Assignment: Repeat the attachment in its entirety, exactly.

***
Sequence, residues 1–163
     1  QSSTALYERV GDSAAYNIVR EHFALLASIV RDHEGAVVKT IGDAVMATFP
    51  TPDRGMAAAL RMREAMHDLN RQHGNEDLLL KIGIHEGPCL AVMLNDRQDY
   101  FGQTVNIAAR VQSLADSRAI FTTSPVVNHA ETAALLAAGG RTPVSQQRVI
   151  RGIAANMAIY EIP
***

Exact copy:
Sequence, residues 1–163
     1  QSSTALYERV GDSAAYNIVR EHFALLASIV RDHEGAVVKT IGDAVMATFP
    51  TPDRGMAAAL RMREAMHDLN RQHGNEDLLL KIGIHEGPCL AVMLNDRQDY
   101  FGQTVNIAAR VQSLADSRAI FTTSPVVNHA ETAALLAAGG RTPVSQQRVI
   151  RGIAANMAIY EIP